Three weeks ago, I decided to leave my job managing the marketing investment team at 2U to fulfill a life-long dream of running my own company.
I spent six months debating if it was a good idea or not to venture out on my own. 2U is an incredible company with a rock-solid growth strategy and an even better culture. I led a team of 12, had a clear professional trajectory, but for some reason, it wasn’t enough. I kept thinking that no matter what I achieved internally at 2U, it wouldn’t satisfy me.
It’s tough to explain, but I needed to see what I was able to accomplish independently. I needed to strip away the safety rails, walk away from the surest situation I’ve seen professionally, and jump into the deep end.
Some days I wonder if I did the right thing. 2U just partnered with WeWork in an incredible deal showing how powerful and broad-reaching the brand is becoming. The stock is absolutely crushing it. I miss my mentors daily.
But then there are days like yesterday when I launched my website, met with potential clients, and realized that I’ve been having more fun than ever professionally, and I find that it’s worth it.
Three things have stood out to me so far in my journey:
1. A Deal Isn’t A Deal Until It’s Signed
Two weeks ago, I met with a startup, loved their idea, and believed they would be a perfect fit for my first client. They were still putting together their business model, in the midst of fundraising, and weren’t a fully formed entity; but their potential was awesome.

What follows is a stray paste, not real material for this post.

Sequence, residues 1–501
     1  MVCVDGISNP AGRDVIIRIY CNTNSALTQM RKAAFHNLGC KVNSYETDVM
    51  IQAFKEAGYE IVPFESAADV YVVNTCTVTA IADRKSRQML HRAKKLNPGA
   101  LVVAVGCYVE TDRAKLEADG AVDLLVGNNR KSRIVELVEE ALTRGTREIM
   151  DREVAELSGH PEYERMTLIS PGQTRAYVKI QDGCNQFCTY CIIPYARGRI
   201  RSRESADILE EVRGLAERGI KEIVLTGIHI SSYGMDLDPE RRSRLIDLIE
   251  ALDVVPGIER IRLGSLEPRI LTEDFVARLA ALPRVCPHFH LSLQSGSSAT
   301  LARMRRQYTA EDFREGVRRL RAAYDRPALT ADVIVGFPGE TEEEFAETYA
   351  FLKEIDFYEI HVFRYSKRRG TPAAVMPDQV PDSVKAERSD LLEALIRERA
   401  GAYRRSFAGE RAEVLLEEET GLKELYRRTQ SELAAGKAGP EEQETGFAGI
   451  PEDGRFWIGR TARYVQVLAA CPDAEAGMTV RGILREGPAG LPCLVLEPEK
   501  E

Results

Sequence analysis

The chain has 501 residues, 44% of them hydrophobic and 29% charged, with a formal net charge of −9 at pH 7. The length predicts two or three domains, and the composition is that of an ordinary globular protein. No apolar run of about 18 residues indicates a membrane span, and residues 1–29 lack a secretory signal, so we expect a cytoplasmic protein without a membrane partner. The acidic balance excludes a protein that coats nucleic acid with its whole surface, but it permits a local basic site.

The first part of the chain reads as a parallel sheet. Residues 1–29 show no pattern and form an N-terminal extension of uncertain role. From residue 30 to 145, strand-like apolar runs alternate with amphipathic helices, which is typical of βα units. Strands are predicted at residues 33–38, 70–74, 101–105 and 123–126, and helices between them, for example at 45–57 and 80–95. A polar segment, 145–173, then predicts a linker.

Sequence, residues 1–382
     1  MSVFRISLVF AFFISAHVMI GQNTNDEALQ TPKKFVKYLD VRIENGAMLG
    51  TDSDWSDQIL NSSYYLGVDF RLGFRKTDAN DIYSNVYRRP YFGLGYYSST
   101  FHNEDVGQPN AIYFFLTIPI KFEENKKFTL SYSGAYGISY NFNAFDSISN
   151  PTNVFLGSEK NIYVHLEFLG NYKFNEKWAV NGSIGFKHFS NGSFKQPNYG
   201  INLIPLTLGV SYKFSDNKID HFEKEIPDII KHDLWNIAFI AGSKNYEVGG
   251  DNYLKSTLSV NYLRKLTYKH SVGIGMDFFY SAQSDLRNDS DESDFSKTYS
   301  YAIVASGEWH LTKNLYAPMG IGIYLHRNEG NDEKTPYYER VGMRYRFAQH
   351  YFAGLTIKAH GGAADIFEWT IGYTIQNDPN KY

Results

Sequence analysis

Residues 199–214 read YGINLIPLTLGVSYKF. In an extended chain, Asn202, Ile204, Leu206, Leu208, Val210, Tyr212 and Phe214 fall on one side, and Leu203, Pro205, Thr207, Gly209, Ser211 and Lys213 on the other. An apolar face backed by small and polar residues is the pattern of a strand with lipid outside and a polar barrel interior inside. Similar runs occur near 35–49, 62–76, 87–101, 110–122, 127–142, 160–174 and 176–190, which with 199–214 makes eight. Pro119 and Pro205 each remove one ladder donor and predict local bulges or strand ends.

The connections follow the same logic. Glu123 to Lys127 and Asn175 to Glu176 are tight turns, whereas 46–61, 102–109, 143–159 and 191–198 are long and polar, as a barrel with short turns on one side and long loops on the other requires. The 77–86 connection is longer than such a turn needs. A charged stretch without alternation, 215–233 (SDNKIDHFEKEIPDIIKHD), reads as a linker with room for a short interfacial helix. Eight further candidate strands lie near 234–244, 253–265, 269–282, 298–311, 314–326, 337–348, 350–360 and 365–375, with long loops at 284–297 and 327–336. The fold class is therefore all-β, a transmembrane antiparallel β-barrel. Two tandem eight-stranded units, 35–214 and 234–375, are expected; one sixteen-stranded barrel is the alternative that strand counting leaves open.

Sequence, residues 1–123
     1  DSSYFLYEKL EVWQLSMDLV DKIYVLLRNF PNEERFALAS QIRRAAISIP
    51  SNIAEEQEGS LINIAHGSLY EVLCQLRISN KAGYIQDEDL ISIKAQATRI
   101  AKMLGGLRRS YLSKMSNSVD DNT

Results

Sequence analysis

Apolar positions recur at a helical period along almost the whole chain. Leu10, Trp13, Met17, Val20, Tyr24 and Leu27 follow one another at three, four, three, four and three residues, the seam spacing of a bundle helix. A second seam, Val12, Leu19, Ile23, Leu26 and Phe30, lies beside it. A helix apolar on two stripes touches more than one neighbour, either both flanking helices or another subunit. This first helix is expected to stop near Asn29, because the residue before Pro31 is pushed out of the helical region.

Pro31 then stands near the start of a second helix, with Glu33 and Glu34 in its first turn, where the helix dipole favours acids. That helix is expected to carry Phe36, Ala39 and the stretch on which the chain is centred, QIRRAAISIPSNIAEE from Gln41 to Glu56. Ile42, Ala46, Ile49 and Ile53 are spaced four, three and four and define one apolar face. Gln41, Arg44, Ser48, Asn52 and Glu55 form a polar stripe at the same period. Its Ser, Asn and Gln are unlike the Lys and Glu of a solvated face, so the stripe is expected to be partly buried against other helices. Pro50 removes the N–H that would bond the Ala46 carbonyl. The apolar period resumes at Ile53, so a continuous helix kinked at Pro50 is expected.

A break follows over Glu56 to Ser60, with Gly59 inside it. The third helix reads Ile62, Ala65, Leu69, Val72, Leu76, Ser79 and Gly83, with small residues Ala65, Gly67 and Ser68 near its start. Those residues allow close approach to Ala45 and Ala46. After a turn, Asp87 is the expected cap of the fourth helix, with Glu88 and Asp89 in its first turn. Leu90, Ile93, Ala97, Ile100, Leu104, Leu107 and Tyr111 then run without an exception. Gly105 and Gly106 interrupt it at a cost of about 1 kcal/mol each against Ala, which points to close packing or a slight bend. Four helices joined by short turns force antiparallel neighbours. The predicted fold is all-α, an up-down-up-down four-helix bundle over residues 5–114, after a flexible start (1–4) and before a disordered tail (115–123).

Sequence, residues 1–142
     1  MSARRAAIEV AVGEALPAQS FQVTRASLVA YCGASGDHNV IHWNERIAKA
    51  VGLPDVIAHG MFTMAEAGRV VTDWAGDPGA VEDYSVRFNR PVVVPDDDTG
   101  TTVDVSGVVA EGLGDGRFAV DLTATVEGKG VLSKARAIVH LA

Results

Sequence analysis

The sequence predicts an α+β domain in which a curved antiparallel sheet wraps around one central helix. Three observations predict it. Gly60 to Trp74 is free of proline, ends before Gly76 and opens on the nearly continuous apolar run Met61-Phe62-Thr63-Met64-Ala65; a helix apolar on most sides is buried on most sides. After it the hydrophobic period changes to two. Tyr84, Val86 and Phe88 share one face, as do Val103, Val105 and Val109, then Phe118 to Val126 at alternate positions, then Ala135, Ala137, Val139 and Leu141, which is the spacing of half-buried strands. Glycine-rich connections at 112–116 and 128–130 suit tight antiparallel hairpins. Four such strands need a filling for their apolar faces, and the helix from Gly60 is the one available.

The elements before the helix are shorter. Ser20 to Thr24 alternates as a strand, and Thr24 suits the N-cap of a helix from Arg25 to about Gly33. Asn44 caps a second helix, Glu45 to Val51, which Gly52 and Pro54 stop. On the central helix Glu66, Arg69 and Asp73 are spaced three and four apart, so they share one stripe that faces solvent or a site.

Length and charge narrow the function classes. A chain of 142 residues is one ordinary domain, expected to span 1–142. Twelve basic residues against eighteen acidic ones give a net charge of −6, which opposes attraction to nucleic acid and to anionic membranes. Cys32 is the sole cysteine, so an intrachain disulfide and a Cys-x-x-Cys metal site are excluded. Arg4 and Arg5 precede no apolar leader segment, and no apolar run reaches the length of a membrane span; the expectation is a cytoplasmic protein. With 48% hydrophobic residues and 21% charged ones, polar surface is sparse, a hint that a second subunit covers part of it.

Four days later, the founder I was working with was pushed out and the company was dead. I was crushed, the founder was shocked, and the dream we had briefly shared together no longer existed. (He’s thankfully going to pursue the idea through a new venture.)
Later that same day I signed my first client, but it taught me a valuable lesson- don’t think a deal is done until it’s in writing.
2. Talk to Everyone
Going into founding Klik Media, I knew zero people personally looking for digital marketing help, and my biggest worry was being able to find clients. I couldn’t sleep at night wondering how I would ever find a deal.
As soon as I started talking to friends and colleagues, however, I quickly found opportunities that I never thought would exist. I was actually shocked.
It made me realize that I needed to be more aggressive about catching up with friends and colleagues, and that I could build a company solely off relationships.
Hustling isn’t about aggressively cold-calling or spamming people- it’s about finding the value you can give to other people to help them solve the issues they face. It’s also about working with people you genuinely like.
3. Stay Balanced
It’s incredibly tough mentally to work solo on a volatile business, and it was a challenging transition for me the first two weeks. In my previous role, I spent easily 6 hours a day in meetings, conversing with people frequently. Starting solo, it’s me and a laptop in my apartment or a coffee shop.
I learned fast that I needed to meet with people daily for coffee, dinner, drinks, etc. in order to stay balanced. By making it a core focus and challenging myself to become more well-rounded, I’ve surprisingly been able to strike a better balance than when I had a true 9-5.
If there is one thing I’ve learned quickly about building a company, it’s that surprises are a necessary element of growth. Some days are going to be better than others, but if you surround yourself with people cheering you on, you are bound to succeed and have fun along the way.
I’m still nervous, I don’t have everything figured out, revenue is unsure- but I’m confident in the choice I made. At the end of the day, that’s all you can ask for.